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Thursday, June 17, 2021

Balto-Slavic drift


A few years ago I began using the term "Balto-Slavic genetic drift" to describe the fine-scale genetic signal that is shared by the speakers of Baltic and Slavic languages to the exclusion of Europeans without significant Balto-Slavic ancestry.

As a result, nowadays, many people online use the term "Balto-Slavic drift" when referring to this phenomenon.

The easiest way to prove that Balto-Slavic drift exists is to run a fine-scale Principal Component Analysis (PCA) of European genetic variation with a lot of Balto-Slavic samples in the mix. Indeed, my Global25 PCA analysis does a great job of illustrating the impact of Balto-Slavic drift on the population structure of Europe both in PCA plots and mixture models (for instance, see here).

It's also possible to tease out Balto-Slavic drift with formal statistics. I showed this indirectly in a recent blog post about Greek population structure (see here). In this post I'm going to demonstrate how to explicitly and formally test for Balto-Slavic drift both in ancient and present-day samples.

To do this we need to find stats that basically split Baltic and Slavic speakers from other Europeans, such as f4(Outgroup,Test;Bell_Beaker_NDL,Baltic_LVA_BA). In this f4-stat, Baltic_LVA_BA is the ancient reference population with an unusually high level of Balto-Slavic drift, while Bell_Beaker_NDL is a fairly similar population overall in terms of ancient ancestry components, but with practically zero Balto-Slavic drift.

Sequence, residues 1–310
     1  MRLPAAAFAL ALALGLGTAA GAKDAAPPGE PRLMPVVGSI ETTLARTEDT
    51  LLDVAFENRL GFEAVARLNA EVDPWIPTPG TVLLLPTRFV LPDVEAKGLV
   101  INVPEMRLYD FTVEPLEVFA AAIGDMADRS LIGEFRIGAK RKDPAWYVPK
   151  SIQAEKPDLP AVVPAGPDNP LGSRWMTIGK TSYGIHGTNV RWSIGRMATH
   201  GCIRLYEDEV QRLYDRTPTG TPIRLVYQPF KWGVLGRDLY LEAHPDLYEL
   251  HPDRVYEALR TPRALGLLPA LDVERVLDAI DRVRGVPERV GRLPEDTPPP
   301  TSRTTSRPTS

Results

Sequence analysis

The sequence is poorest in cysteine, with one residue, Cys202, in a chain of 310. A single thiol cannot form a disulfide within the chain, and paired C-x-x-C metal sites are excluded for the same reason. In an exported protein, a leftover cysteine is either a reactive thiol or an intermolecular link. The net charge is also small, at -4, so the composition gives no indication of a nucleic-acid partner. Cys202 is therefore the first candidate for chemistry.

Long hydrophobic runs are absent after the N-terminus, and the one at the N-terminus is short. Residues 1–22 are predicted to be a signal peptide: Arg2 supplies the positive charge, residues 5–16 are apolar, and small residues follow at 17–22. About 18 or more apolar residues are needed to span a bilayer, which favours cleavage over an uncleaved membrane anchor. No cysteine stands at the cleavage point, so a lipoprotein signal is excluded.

Note that the statistics with the most significant Z scores (>3) involve populations that speak Baltic or Slavic languages, or their neighbors who plausibly harbor significant Baltic and/or Slavic ancestry. Among the ancient, mostly Scandinavian, populations (from Margaryan et al. 2020 and marked with the VK2020 prefix), significant Balto-Slavic drift only appears in the more easterly and/or later groups from the Viking Age (VA).


Unfortunately, one of the problems with this analysis is that Baltic_LVA_BA and Bell_Beaker_NDL aren't identical in terms of their ancient ancestry proportions. For one, the latter has significantly more Neolithic farmer ancestry. No wonder then, that Greeks, who are mostly of early farmer stock, don't show a significant Z score, despite probably packing a significant amount of Balto-Slavic ancestry dating to the Middle Ages.

In the near future, as more ancient samples become available, it might be possible to find better reference populations for the job and create more accurate, finer-scaled tests.

See also...

Uralian genes

That old chestnut: Northeast vs Northwest Euros

Tuesday, June 1, 2021

Eagle country


I took this photo of an eagle yesterday while hiking up a steep, rocky mountain, and wanted to share it with everyone here. This bird was one of six massive eagles that were thermal surfing in the valleys below.
Right after I took the picture I stepped on a small but unusually sharp rock that was sticking out of the ground. Incredibly, it cut through the sole of my shoe like the proverbial hot knife through butter, but only grazed my foot.

Nevertheless, I was in a lot of pain and decided to call it a day. I made my way down the mountain initially by hopping on one leg, and then, after collapsing twice from exhaustion, by crawling on all fours.

Overall, despite almost losing a foot, it was an awesome experience and I'm planning to go back into the mountains soon.

See also...

Looking forward to a post-Covid world